The murder sequence itself is chilling. Hide in the Dark is another name for the game of sardines, a reverse hide-and-seek where one person hides, while everyone else searches. Whoever finds the hider joins them in the hiding place. Strangely enough, rather than draw out the scary possibilities of the game, this is where the author suddenly decides to pick up the pace. Still, this brief scene of horror shows what Hart could have accomplished in the rest of the book if she had focused less on tiresome hijinks and more on building a mood.
There are a few other good points scattered here and there. It’s just that the reader has to look pretty hard to find them. The tragedy of Sunny’s death is not as powerful as it should be, especially considering that her sister Jill is among the revelers, but a mystery from the past will always have some entertainment value. Several of the characters manage to stand out from the crowd in a good way, especially Trudi, who has her own unique take on most subjects. When a friend suffers a romantic disappointment, Trudi encourages her to look on the bright side: “He’s probably quite horrid when you get to know him; he looks to me like the kind of a man that wants to read you bits out of the papers and doesn’t believe that really nice people eat snails.” She explains her attraction to her husband Neil thus:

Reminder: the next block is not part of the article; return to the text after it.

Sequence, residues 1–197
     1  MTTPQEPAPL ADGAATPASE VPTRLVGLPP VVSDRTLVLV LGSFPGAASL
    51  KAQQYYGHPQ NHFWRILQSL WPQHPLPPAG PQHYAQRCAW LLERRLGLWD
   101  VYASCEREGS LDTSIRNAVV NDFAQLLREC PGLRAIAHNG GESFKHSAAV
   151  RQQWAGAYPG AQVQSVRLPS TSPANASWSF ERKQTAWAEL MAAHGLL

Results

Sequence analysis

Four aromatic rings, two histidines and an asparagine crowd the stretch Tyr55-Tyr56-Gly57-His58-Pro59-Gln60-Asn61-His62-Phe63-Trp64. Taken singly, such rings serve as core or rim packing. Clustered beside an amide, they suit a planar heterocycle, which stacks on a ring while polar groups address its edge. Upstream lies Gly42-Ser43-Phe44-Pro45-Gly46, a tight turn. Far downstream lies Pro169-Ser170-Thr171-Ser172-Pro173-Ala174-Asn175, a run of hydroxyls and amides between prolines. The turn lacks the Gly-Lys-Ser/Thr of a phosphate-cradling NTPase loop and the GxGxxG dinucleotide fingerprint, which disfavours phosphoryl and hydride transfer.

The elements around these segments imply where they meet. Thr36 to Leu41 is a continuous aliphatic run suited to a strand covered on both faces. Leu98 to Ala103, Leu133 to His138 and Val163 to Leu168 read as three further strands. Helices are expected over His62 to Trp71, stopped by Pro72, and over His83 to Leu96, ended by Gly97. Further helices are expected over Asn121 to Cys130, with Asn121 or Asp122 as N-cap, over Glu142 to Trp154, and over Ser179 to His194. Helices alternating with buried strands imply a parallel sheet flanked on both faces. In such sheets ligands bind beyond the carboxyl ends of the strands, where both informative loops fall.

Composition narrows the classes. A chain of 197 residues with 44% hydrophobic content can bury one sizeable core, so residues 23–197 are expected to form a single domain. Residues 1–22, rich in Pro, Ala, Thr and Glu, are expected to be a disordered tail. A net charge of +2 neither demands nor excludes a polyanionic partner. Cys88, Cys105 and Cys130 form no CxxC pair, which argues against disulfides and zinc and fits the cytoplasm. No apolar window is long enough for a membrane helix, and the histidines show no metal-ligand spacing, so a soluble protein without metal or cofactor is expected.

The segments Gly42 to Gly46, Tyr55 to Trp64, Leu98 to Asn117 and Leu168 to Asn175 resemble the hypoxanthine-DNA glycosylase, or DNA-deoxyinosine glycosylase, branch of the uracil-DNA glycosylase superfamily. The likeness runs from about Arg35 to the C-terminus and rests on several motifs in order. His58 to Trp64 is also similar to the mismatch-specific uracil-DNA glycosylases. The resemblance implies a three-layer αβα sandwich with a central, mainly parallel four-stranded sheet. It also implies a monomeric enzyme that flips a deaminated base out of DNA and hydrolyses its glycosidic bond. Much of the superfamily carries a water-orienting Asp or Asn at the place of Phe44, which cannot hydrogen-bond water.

He told me before he asked me to marry him that he thought it was only fair to me to let me know that he couldn’t care for me the way he had for Sunny; and he actually had the insolence to keep me up for three hours one night reading me about four cubic feet of letters that he’d written to her and never sent, because he felt that he wasn’t good enough for her! He was keeping them for his grandchildren—or my grandchildren, if I decided that I wanted a burnt-out volcano as a consort. I hadn’t been particularly interested in him till them, but about the second cubic foot I decided that any human being that could write that amount of lunacy, and hang on to it, needed a keeper.